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At The NOL Swim Meet

January 28, 2013 - Al Stephenson
I am always impressed when I watch high school athletes compete at a top level. When the young people excel at a sport in which I have virtually no ability, perhaps marvel is a better adjective. Such was the case as I journeyed to Sandusky to take in the 2013 NOL Conference Swimming Championships.

You must understand that if I was dropped in the center of a swimming pool that my chances of reaching the side safely would be about 50-50. If I were to try to get to the end of the pool, the odds of me reaching my destination would go down significantly. So to see accomplished swimmers take to the water leaves me shaking my head.

The only swim meet I had ever been to was in college. We had a kid on our dorm floor that was on Hiram College's swim team and we made a couple of trips to the pool to watch him. The most remarkable thing about Wes Ogata was where he lived. How anyone got to Hiram, Ohio from Hawaii is beyond me, but that he did and we enjoyed watching him swim. Some forty years later it was time to attend another meet.

So after finding my way to Sandusky High School's natatorium, I prepared to watch Tiffin Columbian's swimmers compete. These athletes toil in relative obscurity compared to other more popular sports. Don't think for a minute though that these kids are any less enthusiastic about what they do. The atmosphere was electrifying and - in a word - loud.

The noise started early as the SHS pep band performed the National Anthem as well as the school's fight song. In relatively cramped quarters, the 18 member group sounded very loud. The noise level actually rose when the first event was staged. The girls 200 Yard Medley Relay had fans screaming from the opening horn until the end of the race. I had the feeling that it was Olympic competition given the excitement level and that feeling remained until the last event was completed.

One of the more interesting things I noticed about the meet was the type of cheering that went on from the fans, coaches and teammates of individuals who were racing through the churning water. The verbal yell was "go" which I guess is a logical thing to yell at a person who is trying to finish ahead of their opponents. The yell was accompanied by each person using a hand signal that was a little comical. Encouragement came from using one's fingers to accentuate the direction the swimmer was headed. If you were on the side of the pool the fingers went sideways. If one was at the end of the pool, the fingers were pushed rapidly forward. I'm guessing you could have gestured the other way and the athlete would not turn around. I'm not sure the swimmers could even see the gestures, but they were given by the hundreds.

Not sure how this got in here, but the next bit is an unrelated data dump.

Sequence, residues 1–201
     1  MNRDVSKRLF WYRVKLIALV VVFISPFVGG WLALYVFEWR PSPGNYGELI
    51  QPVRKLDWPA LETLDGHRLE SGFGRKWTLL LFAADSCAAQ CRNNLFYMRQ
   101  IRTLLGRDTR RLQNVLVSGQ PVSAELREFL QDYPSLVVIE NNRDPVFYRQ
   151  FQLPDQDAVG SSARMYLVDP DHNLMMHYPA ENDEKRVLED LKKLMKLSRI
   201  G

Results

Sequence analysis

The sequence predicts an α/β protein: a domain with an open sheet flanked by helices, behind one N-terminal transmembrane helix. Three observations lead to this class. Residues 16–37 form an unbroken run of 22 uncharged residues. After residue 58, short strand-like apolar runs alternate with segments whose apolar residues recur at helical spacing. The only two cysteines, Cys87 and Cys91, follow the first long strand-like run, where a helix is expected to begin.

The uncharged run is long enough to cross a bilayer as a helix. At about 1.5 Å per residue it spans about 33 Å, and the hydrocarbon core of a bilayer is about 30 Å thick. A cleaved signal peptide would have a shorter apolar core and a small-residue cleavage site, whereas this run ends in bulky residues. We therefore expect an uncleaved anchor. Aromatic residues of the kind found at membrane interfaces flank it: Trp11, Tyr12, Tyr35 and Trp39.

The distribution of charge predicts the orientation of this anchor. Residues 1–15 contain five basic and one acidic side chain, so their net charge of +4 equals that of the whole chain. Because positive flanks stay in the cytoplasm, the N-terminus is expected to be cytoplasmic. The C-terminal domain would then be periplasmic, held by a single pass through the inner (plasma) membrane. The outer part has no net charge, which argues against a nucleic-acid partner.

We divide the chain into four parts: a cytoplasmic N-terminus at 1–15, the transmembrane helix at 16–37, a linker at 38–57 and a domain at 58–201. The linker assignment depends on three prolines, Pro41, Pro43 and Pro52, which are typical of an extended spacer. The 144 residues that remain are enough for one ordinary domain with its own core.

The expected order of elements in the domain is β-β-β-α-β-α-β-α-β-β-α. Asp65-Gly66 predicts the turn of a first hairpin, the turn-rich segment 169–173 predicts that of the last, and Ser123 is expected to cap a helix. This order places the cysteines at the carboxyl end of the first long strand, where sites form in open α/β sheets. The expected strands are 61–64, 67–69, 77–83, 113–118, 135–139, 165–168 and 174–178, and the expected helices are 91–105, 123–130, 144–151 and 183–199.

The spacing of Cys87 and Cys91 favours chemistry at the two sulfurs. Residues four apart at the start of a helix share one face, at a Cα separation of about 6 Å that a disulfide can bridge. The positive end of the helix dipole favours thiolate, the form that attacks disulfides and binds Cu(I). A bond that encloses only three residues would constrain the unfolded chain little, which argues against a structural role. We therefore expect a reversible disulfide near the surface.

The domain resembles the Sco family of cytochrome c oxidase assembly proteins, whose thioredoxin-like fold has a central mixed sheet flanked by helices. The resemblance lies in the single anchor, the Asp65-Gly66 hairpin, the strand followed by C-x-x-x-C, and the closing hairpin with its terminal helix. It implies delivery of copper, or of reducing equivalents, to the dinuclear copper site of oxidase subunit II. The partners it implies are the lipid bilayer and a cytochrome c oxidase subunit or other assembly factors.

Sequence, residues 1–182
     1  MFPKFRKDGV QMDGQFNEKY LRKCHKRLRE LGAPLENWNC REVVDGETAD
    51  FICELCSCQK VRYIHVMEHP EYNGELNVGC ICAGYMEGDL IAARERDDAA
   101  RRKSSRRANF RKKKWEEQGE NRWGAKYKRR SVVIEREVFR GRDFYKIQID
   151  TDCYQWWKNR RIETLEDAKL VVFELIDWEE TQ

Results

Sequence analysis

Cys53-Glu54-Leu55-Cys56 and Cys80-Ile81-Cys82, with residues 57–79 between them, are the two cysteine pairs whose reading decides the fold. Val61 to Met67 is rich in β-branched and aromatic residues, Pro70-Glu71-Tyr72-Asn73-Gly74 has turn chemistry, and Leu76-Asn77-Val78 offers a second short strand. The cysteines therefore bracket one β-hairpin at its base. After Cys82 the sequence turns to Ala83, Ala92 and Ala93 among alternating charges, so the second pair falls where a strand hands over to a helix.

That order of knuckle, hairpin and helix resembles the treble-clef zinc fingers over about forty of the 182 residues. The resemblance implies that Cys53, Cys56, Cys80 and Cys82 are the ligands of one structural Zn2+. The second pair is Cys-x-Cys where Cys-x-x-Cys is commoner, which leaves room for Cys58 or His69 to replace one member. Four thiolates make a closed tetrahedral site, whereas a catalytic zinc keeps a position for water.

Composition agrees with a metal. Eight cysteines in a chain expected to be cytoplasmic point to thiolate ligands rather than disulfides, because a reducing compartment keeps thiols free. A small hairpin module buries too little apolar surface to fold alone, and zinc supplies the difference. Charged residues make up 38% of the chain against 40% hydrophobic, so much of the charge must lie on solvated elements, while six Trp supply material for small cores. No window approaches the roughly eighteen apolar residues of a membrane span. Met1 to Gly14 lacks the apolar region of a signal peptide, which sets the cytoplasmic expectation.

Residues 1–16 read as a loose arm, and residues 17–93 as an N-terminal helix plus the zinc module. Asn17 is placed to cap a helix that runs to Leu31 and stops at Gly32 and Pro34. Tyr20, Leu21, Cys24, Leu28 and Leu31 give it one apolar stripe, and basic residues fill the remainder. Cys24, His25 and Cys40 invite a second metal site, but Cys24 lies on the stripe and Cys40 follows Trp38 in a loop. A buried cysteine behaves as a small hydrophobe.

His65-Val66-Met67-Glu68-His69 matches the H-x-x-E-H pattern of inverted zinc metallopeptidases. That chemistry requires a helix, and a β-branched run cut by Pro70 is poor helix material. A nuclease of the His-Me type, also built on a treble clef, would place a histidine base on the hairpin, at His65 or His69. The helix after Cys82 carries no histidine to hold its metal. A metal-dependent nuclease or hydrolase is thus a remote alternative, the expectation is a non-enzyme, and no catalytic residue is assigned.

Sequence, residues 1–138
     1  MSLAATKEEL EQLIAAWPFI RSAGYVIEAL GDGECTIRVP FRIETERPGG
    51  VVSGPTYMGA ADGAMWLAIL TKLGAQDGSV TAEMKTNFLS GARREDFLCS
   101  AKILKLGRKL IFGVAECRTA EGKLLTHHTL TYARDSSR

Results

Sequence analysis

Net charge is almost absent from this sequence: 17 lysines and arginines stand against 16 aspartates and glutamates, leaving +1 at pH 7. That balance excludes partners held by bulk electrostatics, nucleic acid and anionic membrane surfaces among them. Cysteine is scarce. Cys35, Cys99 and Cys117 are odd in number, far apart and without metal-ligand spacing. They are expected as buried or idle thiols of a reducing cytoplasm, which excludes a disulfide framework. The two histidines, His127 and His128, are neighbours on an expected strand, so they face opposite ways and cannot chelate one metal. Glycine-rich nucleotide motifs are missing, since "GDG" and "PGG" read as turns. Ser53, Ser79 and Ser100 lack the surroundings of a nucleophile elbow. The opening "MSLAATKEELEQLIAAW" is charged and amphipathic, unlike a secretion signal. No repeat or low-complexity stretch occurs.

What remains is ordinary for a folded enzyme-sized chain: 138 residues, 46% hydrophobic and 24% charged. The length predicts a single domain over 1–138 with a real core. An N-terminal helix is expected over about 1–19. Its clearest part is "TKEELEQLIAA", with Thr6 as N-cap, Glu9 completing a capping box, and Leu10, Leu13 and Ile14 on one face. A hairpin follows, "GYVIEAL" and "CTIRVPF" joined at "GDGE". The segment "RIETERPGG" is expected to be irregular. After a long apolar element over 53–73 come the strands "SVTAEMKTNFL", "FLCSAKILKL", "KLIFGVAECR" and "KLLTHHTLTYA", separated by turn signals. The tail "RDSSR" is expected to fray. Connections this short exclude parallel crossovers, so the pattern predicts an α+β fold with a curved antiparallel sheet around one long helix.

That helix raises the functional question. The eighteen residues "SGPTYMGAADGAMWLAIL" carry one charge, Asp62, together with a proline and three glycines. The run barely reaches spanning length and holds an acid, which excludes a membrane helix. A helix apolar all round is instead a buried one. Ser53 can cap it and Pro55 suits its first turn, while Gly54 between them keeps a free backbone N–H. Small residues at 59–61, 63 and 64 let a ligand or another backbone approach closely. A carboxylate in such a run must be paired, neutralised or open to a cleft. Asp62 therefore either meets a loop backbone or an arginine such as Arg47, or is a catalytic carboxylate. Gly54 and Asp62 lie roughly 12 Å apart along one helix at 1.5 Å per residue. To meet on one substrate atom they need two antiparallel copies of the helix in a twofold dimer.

The only event that didn't use the "go" term was the breaststroke. In that case the crowd yelled "pull" instead. The swimmers must have understood as they continued to race from one end of the pool to the other.

The noise was deafening except for the start of each race. The crowd was chastized to quiet down a couple of times before the command was given to take the marks which was quickly followed by the horn. It was during one such quiet period that an incident took place that soon had much of the crowd near me chuckling. A little girl's hand held electronic device suddenly came to life as a female voice said "hi everybody." We were all startled, but the little girl looked scared as her dad quickly grabbed the device. The moment took place just as the horn souded and no harm was done. When that became evident, we all had a good laugh.

I was mesmerized by the swimmers diving into the pool to start the race. These kids dove out, not down and were seemingly halfway across the pool before resurfacing and starting to swim. I couldn't help but wonder how long it would take me to recover from a cannonball entrance to the water. I told you - my swimming ability is nonexistent.

There was a standout at the meet and that would be Taylor Vargo of Sandusky. She was constantly heading to the top of the awards stand to receive her first place plaque with a new NOL record time. I found out that she is headed to Ohio State on a full four year scholarship to swim. She appeared to be very deserving.

I came to watch the TC swimmers though, and I was not disappointed. Several outstanding performances convinced me that these kids are dedicated, hard working athletes. Chris Gates defended his title in the 200 Yard Freestyle, winning with a time of 1:54:08. Adam Young finished fourth in the same event. Gates added a second place finish in the 100 Yard Backstroke. Natalie Howard and Lindsay Young finished 1-2 in the 100 Yard Backstroke. Howard added a second place finish in the 100 Yard Butterfly. Sarah Hudacek had a pair of runnerup finishes in the 200 Yard IM and the 500 Yard Freestyle. Sister Rachel Hudacek had a pair of seconds as well - in the 100 Yard Freestyle and the 50 Yard Freestyle. TC's relay teams also placed.

Other Columbian swimmers who scored points included Nate Ramsdell, Braden Kuhn and Abby Burton. The TC girls team finished second and the boys third in the championships.

The view from my seat suggests that I had a thoroughly enjoyable day. Watching these kids compete was awesome. I would like to congratulate them for their efforts and thank them for the opportunity to watch them in action. I would also like to wish the TC swimmers good luck as they head to tournament action.


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